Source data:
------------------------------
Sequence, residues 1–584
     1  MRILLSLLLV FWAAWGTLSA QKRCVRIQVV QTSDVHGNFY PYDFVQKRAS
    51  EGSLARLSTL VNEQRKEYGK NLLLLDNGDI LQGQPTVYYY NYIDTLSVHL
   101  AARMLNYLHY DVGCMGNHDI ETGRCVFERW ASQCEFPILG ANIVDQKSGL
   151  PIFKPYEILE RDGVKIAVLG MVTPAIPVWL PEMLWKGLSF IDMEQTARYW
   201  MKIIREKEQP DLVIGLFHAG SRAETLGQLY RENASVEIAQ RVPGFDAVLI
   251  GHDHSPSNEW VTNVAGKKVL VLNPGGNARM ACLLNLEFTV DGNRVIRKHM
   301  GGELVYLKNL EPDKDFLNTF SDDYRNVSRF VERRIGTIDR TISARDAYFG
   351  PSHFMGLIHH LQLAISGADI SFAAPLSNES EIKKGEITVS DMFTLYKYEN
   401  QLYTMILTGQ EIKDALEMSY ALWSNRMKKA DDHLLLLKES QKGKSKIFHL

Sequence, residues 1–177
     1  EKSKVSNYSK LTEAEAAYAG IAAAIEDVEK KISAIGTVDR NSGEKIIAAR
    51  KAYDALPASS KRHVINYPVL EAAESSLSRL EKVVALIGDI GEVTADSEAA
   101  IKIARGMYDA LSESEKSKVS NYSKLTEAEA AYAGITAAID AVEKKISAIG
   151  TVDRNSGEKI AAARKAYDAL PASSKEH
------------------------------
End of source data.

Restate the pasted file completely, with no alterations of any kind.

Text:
Sequence, residues 1–584
     1  MRILLSLLLV FWAAWGTLSA QKRCVRIQVV QTSDVHGNFY PYDFVQKRAS
    51  EGSLARLSTL VNEQRKEYGK NLLLLDNGDI LQGQPTVYYY NYIDTLSVHL
   101  AARMLNYLHY DVGCMGNHDI ETGRCVFERW ASQCEFPILG ANIVDQKSGL
   151  PIFKPYEILE RDGVKIAVLG MVTPAIPVWL PEMLWKGLSF IDMEQTARYW
   201  MKIIREKEQP DLVIGLFHAG SRAETLGQLY RENASVEIAQ RVPGFDAVLI
   251  GHDHSPSNEW VTNVAGKKVL VLNPGGNARM ACLLNLEFTV DGNRVIRKHM
   301  GGELVYLKNL EPDKDFLNTF SDDYRNVSRF VERRIGTIDR TISARDAYFG
   351  PSHFMGLIHH LQLAISGADI SFAAPLSNES EIKKGEITVS DMFTLYKYEN
   401  QLYTMILTGQ EIKDALEMSY ALWSNRMKKA DDHLLLLKES QKGKSKIFHL

Sequence, residues 1–177
     1  EKSKVSNYSK LTEAEAAYAG IAAAIEDVEK KISAIGTVDR NSGEKIIAAR
    51  KAYDALPASS KRHVINYPVL EAAESSLSRL EKVVALIGDI GEVTADSEAA
   101  IKIARGMYDA LSESEKSKVS NYSKLTEAEA AYAGITAAID AVEKKISAIG
   151  TVDRNSGEKI AAARKAYDAL PASSKEH